Clojure to Smalltalk translation notes

By: on October 18, 2011

Clojure has an interesting implementation of a Huet-style zipper. I started translating it to Smalltalk, and in the process discovered a number of things not really related to zippers. Given that the end result ends up looking very similar to something we’ve already seen , let’s talk more about the translation process itself.

1. Abstract binding

Destructuring is a way of dividing up some kind of structure. In Prolog one might say [H|T] = [1,2,3] to split up a list into a head H (unifying with 1) and a tail T (unifying with [2,3]). Destructuring’s at the core of Scala’s pattern matching (through the use of the Extractor pattern and some compiler magic). Clojure has a number of very handy destructuring tools. Why do we care about handy destructuring? Consider the following two snippets of code:

    (let [[c & cnext :as cs] (children loc)] ...)

Which in Smalltalk becomes the more verbose, and less readable:

    | c cnext cs newPath |
    cs := self children: node.
    c := cs first.
    cnext := cs allButFirst.

When one takes into account the fact that Clojure functions quite happily consume nil, and how empty lists behave, a precise duplication of the let becomes something as… inelegant as:

    | c cnext cs newPath |
    cs := self children: node.
    cs notNil and: [cs notEmpty]
        ifTrue: [
            c := cs first.
            cnext := cs allButFirst]
        ifFalse: [
            c := nil.
            cnext := nil]

But perhaps there’s a way to leverage unification to bring the same kind of brevity to Smalltalk…

2. Pluggable behaviours to traverse arbitrary hierarchical structures

zip.clj attaches the zipper data – how one got to a node, what’s changed during the traversal, examining the target data structure – to the nodes of that structure with Clojure’s metadata. We pass in details specific to the structure as lambdas. We only need three things from the structure:

  1. Does this node have children? (or: is this node a branching point?)
  2. What are this node’s children?
  3. How can we construct a new node?

If we revisit the TreeZipper, we see the same three questions answered in a different way:

  1. This node has children if focus children notEmpty is true.
  2. The node’s children are returned by focus children.
  3. We construct a new node by invoking TreeZipper >> #newFocusOn:children:.

To put it another way: we accomplish the same thing – abstracting the details of a structure – by passing in lambdas in Clojure, and by subclassing and overriding in Smalltalk.

3. Dictionary: world’s most useful data structure?

A colleague of mine reckons that a dictionary’s the world’s most useful structure. After looking at zip.clj I think I see why: zip.clj’s dictionaries map names to values in the same manner an object does… except you don’t need to define a class before you start playing around, and it’s trivial to add new fields. (There’s a trade-off here: using a dictionary means never having to add yet another property to your data object – rapid prototyping – while using a data object means never having to trawl source code wondering what properties you’re using – self-documenting source.)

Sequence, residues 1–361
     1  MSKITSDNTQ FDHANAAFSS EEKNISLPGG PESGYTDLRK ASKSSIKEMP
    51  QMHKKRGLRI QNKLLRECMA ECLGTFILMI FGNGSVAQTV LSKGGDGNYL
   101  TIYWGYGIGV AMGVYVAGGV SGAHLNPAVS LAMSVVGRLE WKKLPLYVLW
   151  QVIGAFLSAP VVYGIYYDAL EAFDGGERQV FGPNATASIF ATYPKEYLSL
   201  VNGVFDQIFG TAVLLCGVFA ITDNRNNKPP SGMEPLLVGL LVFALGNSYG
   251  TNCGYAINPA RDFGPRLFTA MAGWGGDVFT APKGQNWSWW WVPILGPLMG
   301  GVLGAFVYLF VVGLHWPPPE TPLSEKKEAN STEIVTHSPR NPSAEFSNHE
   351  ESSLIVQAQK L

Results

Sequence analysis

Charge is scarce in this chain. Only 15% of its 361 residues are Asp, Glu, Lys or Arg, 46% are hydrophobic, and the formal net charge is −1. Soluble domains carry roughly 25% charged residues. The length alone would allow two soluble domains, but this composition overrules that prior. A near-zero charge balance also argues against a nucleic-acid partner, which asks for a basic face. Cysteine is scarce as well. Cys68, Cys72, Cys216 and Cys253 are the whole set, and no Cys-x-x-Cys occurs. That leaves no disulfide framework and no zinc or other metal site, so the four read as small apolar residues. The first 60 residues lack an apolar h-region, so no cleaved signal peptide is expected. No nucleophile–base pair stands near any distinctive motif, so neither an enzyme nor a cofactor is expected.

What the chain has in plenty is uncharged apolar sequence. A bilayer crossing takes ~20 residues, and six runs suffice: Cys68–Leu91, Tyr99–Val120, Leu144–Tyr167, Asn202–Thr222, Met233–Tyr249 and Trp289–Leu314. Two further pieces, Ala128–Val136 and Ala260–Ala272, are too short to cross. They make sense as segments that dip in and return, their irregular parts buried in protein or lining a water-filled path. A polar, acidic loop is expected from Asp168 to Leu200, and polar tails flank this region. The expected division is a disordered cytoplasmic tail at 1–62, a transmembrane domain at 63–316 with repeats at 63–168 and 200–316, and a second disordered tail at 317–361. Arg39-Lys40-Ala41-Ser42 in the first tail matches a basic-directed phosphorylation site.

One of the really neat features of a Clojure dictionary is the ease with which one accesses values. Want the right context of your zipper’s current node? All you need is (:r (loc 1)). If there’s no such key, you get nil.

It’s possible, with a caveat, to duplicate a Clojure-like dictionary in Smalltalk. In particular, we want something such that

    CljDictTest >> testArbitraryNamesReturnNil
        self assert: nil equals: CljDict new foo.

    CljDictTest >> testArbitraryNamesTurnIntoMaps
        | dict |
        dict := CljDict new.
        dict foo: 1.
        self assert: 1 equals: dict foo.

And this is all you need:

    Object subclass: #CljDict
        instanceVariableNames: 'dict'

    CljDict >> initialize
        dict := Dictionary new.

    CljDict >> doesNotUnderstand: aMessage
        ^ aMessage numArgs
            caseOf: {
                [0] -> [self get: aMessage selector].
                [1] -> [self set: aMessage selector to: aMessage arguments first].}
            otherwise: [super doesNotUnderstand: aMessage].

    CljDict >> get: aSymbol
        ^ dict at: aSymbol ifAbsent: [nil].

    CljDict >> set: aSymbol to: anObject
        "aSymbol is the name of a setter method."
        ^ dict at: aSymbol allButLast put: anObject.

As you can see, the caveat is this: we subclass Object, and Object has a fairly extensive vocabulary. Attempting to use a key that matches a selector in Object‘s vocabulary will cause surprising behaviour, in that you will see the result of Object doing something, not simply the access of a value (through #doesNotUnderstand:). We could subclass ProtoObject, but usually we only do that when we absolutely have to.

As it turns out, the dictionary in zip.clj maps isomorphically to a TreeZipperNode:

Datum zip.clj dictionary TreeZipperNode
Left context :l #leftNodes
Right context :r #rightNodes
History of visited nodes :pnodes #value [1]
Previous context :ppath #path

[1] Really, you need to collect the nodes yourself by recursing over the chained TreeZipperNodes.

Did I say isomorphically? zip.clj does use another key, :changed?. As it turns out, this reveals a bug in TreeZipper! The assertion zipper root == zipper down up root will fail, because TreeZipper will blindly create a new node, even for a node that hasn’t changed! And it’s by storing the previously visited nodes in :pnodes that zip.clj can traverse a structure and re-root, returning the identical structure.


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